10 Writing Tips Inspired by The Little Giant of Aberdeen County (Book Review)


Tiffany Baker’s novel THE LITTLE GIANT OF ABERDEEN COUNTY was published in 2009 but it is one of my favorite reads of the year for 2014. I was slow to the party on this one!

You can check out Tiffany Baker’s author site or get this book on Amazon.

The Little Giant of Aberdeen County

Here are 10 takeaways I gleaned from Baker’s wonderful writing style:

  • PLOT: THE LITTLE GIANT OF ABERDEEN COUNTY is a tale about Truly Plaice’s upbringing, as influenced by the inciting incident: Truly’s unusual birth. It becomes a formative condition of her entire existence–because Truly was an unusually large baby and her size continues to be an issue for her, as she has a condition known as acromegaly (giantism). From her mother dying in childbirth to her lifelong comparison with her gorgeous sister Serena Jane, this story hits on some universal themes and societal cruelties as Truly eventually finds her ways to deal with it all.
  • BEGINNING PAGES: I tend to like books that are different from other books I’ve read, right from the first few pages.  This one begins with Truly attending a burial of one of the other characters and commenting that she was not cold despite the winter day because there were “layers and layers of me folded together like an accordion.” This immediate focus on her body image even at a mournful time like a funeral drew me in because it was an interesting break from the speculative fiction I read.
  • MAIN CHARACTERS: Truly’s character is a well-rounded character because she is feminine while breaking nearly every trope of femininity. I found that very interesting. As the story goes on, we see Truly become more morally-complex as well, so that her final decisions in the novel are difficult to guess. I know I guessed them wrong, so even though I didn’t particularly love how it ended, it certainly won points from me for having a multi-dimensional main character.
  • SUPPORTING CHARACTERS: Most other characters in the book were vivid and well-written, with distinct motivations and oddities. Serena Jane and Robert Morgan were a bit flat as characters–but interestingly, this was one of those cases where that actually helped the story as a whole. The more full characters to me were Truly’s best friend as well as her most despised teacher, because their morally-complex choices seemed to directly influence Truly’s. It seemed as though the author was very particular in setting up her supporting characters.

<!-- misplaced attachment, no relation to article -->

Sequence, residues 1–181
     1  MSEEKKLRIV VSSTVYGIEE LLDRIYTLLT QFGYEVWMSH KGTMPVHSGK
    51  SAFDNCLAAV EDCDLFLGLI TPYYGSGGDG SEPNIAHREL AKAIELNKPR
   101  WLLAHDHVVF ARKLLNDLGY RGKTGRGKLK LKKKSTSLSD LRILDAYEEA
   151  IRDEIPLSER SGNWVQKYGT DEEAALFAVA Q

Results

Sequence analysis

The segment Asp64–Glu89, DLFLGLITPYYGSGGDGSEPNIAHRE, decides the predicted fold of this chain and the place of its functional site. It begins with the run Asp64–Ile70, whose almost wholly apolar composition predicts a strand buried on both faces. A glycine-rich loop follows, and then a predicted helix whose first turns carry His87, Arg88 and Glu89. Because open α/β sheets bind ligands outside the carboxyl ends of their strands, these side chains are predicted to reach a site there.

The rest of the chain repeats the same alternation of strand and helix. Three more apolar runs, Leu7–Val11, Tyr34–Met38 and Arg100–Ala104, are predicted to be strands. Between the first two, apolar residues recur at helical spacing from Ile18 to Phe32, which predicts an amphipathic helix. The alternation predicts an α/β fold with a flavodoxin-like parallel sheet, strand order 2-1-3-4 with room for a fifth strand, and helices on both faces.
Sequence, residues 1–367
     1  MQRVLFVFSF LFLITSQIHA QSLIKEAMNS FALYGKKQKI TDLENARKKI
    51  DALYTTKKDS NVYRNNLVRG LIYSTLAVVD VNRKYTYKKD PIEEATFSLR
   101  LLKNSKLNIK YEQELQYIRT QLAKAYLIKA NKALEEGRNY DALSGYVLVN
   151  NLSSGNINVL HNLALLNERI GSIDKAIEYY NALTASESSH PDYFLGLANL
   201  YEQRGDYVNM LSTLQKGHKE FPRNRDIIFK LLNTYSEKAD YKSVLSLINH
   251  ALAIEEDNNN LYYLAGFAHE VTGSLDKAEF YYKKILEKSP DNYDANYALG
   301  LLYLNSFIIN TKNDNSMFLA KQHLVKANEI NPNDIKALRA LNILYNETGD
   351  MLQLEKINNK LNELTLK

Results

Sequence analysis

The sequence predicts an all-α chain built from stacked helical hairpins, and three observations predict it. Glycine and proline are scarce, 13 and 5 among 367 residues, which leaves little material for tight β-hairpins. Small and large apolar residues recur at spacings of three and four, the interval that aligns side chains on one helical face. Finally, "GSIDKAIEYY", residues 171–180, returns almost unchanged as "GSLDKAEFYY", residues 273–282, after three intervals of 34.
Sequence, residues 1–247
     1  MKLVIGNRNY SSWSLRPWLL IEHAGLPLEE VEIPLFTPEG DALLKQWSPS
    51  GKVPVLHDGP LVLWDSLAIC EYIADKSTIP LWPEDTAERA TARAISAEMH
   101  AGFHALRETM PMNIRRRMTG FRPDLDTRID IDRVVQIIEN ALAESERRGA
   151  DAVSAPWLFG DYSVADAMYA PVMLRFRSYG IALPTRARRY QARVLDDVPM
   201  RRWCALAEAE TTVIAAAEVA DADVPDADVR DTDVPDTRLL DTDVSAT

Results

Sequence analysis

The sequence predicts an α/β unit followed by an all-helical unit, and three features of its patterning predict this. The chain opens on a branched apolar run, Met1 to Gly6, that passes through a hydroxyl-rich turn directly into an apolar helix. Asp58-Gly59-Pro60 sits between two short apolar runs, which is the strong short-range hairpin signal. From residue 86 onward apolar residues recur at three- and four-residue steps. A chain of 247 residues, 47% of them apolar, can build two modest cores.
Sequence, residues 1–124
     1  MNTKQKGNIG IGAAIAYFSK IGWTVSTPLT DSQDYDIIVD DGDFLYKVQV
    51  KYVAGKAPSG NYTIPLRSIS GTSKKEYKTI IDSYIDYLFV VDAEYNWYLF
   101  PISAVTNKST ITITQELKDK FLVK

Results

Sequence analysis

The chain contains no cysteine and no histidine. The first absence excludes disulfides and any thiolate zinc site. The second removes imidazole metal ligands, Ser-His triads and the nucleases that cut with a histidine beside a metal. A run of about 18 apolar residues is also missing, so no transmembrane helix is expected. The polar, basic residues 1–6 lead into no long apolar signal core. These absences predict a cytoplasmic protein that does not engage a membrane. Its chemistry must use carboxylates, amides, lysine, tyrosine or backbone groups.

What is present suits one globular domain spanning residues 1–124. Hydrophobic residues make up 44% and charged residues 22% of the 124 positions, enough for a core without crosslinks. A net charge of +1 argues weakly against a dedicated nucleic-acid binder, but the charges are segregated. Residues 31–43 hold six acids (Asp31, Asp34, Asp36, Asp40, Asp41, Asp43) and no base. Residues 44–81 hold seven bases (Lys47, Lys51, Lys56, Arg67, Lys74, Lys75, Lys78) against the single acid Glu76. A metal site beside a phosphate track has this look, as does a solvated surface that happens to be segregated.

• POINT OF VIEW: I thought the point of view was dead on and probably very difficult to achieve, being not just first-person but what I’ll call ‘first-person real-time’–or in other words, when Truly was a child, she tells us the story more from a child’s perspective. And yet, the author effectively blended that with adult vocabulary and such. It was fascinating to me as a writer!
  • SETTING OR WORLD-BUILDING:  This was one of those ‘every-town’ book settings. Maybe a little more could have been done with the titular Aberdeen County, because it did not stand out for me. That said, not every book has to shine in every story element, so at least I can say the setting and world were not distracting.
  • MOOD & PACING: The setting was well-established as far as mood. The terrible experiences Truly has because of her size really brought me in to her mental and emotional environment. That turmoil was sustained even as the pacing clipped along, which was nice because a story about pain can tend to be arduous. This one kept moving.
  • ENDING: Again, the ending surprised me and finished the story arc beautifully, even if I didn’t personally like the ending. If you’re a person looking for an overt moral takeaway, maybe skip this one. I found a lot of interesting themes or messages to think about, however–not the least of which is the incredible pain our continuing societal focus on looks and norms places on each of us.
  • LANGUAGE: Absolutely fascinating, the descriptions in this book. At times the author’s language about Truly’s experiences borders on poetry, to wonderful effect. This contrasted nicely with the at times innocent perspective of Truly. I found myself smiling often at turns of phrase.
  • QUIRK FACTOR: I like to see quirky elements in a story, and my favorite touches of that came in Truly’s experiences dealing with a common problem of uncommon proportion, as well as how Truly is affected by the legacy of a reportedly magical witch woman, Tabitha Dyerson, with her mysterious quilt and an expansive study of herbs. This added a really interesting texture to this novel.

So if you need a book recommendation and all this sounds interesting, you might want to check out THE LITTLE GIANT OF ABERDEEN COUNTY. Great read! I’m excited to check out her book from 2013, THE GILLY SALT SISTERS.


Happy reading or writing, and happy holidays!

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